I’ve recently acquired two new hosting packages; one at work and one for my hobby sites. Both packages offer me, the consumer, a great deal of control over the server. One of the things offered by both of my hosts is an SSH connection.
Now, I realize that a great deal of hosts offer SSH connections to their customers nowadays, but many will lock the client down so much within those SSH sessions, that there is no point in even logging in that way. For instance, at Netfirms, you have SSH permissions, but about the only thing you can do is log in and log back out again. You can’t list the contents of a directory, you can’t use rsync to copy files to and from remote locations, etc.
Anyway, onto the point of this article: With my newfound freedom through SSH, I needed to find a decent SSH client that I could use on my Windows machines. I did a quick search and came across PuTTY.
PuTTY is a very simple, straight-forward telnet/SSH client. It has a few other options, but that’s pretty much what it does.
For those of you that don’t fully understand what SSH is, it’s basically like using a command-line interface (CLI) to connect to the CLI of a remote computer. Through SSH, depending on how your server is configured, you can do almost anything that you would be able to do from the command-line if you were actually sitting at the keyboard attached to your server.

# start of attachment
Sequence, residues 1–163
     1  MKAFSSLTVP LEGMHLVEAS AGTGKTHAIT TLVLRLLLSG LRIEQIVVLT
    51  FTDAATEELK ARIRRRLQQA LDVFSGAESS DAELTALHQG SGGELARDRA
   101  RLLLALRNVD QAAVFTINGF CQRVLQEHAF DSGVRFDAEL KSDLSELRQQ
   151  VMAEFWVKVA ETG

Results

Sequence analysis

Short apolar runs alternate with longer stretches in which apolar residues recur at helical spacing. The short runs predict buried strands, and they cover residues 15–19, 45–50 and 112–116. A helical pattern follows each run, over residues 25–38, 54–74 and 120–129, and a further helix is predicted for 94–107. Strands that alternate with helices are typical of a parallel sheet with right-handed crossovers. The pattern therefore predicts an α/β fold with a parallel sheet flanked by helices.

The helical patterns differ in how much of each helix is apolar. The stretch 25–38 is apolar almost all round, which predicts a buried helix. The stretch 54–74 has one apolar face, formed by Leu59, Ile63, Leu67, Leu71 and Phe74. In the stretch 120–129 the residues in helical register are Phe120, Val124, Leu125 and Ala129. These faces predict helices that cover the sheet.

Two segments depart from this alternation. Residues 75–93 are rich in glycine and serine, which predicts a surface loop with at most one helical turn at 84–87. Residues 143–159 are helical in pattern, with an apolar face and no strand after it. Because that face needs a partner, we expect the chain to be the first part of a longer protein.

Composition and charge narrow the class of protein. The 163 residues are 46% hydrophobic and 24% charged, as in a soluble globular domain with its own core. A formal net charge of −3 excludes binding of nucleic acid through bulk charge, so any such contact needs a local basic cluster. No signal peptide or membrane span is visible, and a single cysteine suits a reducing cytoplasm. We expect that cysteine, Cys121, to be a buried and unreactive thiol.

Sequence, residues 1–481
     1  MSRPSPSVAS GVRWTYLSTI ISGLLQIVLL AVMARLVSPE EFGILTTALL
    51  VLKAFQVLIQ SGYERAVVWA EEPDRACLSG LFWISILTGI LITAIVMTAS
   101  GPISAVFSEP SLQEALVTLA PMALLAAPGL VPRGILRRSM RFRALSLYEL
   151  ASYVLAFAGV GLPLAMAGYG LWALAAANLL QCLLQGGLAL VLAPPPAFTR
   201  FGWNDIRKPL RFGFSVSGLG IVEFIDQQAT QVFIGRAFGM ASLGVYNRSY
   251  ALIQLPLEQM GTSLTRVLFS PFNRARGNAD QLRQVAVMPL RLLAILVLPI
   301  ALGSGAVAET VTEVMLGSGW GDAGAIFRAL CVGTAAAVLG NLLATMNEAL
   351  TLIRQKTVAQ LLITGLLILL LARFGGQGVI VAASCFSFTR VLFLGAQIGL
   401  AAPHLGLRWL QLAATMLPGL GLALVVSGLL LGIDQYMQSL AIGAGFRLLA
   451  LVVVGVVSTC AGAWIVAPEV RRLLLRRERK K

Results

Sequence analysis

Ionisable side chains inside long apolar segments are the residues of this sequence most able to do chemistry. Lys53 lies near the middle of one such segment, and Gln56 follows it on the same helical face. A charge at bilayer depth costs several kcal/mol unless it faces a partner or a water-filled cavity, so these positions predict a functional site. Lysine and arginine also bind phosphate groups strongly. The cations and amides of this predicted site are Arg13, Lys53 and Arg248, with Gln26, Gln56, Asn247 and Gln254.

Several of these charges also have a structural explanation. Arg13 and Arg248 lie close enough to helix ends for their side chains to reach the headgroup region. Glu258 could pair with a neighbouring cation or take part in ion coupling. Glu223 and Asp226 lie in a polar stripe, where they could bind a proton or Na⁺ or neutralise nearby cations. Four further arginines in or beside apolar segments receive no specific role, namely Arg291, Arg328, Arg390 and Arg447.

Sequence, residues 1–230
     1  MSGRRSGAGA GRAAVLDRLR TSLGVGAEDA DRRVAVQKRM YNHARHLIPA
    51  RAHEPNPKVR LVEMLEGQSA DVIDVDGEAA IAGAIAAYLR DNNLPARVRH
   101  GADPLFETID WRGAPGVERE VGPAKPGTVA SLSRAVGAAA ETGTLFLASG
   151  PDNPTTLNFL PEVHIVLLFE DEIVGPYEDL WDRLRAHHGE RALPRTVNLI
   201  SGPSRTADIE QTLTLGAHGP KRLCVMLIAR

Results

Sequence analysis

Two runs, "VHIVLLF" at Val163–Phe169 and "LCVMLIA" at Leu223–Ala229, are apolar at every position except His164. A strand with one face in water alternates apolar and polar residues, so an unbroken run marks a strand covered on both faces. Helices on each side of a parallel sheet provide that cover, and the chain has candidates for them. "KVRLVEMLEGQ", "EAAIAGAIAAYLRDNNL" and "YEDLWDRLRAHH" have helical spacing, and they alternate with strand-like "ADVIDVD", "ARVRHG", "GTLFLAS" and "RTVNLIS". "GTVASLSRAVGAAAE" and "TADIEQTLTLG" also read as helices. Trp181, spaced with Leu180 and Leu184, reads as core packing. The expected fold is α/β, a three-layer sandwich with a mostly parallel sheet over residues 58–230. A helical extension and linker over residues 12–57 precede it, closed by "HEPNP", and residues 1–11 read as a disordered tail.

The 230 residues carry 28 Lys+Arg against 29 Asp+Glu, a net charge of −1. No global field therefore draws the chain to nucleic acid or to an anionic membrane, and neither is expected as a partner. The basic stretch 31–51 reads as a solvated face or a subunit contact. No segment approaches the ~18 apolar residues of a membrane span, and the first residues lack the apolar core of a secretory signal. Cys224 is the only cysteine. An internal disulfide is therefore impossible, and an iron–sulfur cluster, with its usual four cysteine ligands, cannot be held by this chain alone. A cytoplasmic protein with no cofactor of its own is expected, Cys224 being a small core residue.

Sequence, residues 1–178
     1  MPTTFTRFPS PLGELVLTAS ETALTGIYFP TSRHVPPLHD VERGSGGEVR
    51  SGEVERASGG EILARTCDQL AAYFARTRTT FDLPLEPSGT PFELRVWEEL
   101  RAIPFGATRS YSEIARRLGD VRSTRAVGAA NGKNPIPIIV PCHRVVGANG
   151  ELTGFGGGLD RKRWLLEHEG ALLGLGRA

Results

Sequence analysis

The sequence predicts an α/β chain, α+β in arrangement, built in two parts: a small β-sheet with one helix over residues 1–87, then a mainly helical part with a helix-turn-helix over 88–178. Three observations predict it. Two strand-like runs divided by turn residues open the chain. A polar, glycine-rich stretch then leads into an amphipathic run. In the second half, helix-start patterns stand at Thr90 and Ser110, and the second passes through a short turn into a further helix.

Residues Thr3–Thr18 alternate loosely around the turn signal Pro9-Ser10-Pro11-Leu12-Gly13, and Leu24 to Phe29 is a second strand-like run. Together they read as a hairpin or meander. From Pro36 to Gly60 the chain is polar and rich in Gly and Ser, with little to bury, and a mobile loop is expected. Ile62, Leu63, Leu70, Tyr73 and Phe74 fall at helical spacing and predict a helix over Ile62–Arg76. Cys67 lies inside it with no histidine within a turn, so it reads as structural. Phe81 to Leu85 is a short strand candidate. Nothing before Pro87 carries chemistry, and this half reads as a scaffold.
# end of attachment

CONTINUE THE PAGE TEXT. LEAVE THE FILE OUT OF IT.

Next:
PuTTY is actually rather flexible, but also extremely simple to use. You open the client and are greeted with a very simple options screen. All you really need to do is type in the address of the server to which you want to connect, and then press the “Open” button.
PuTTY automatically assumes that your server’s SSH is located on the default port 22, so you don’t really need to know that. However, if your server is configured differently, you obviously have the ability to change that.
Within the opening screen, you can load and save profiles (which basically means you can save the address and port of the server so that you don’t have to continuously type it in every time you open PuTTY). PuTTY does not automatically store any history of your SSH connections, so, if you want to be able to easily connect to the same server over and over again, you will want to save a new profile.
Once you connect to the server, the opening interface of PuTTY closes and a new DOS-style window opens. From there, you enter your username and password to login to the server and you start hacking away.
PuTTY is a free, open-source program available for Windows (95 through Vista) and Unix-based environments (I’m not sure if that includes MacOS or not, but it should be possible to use it there, if desired). However, most Unix-based environments come with standard SSH clients anyway, so the real push is behind supporting Windows.
PuTTY is licensed under the MIT license. The MIT license is similar to the BSD license, and is compatible with the GPL.
There is a warning on the PuTTY Web site informing consumers that it may be illegal to download and use PuTTY in some countries where encryption is illegal.
If you are interested in downloading PuTTY, you can do so by visiting the PuTTY Web site.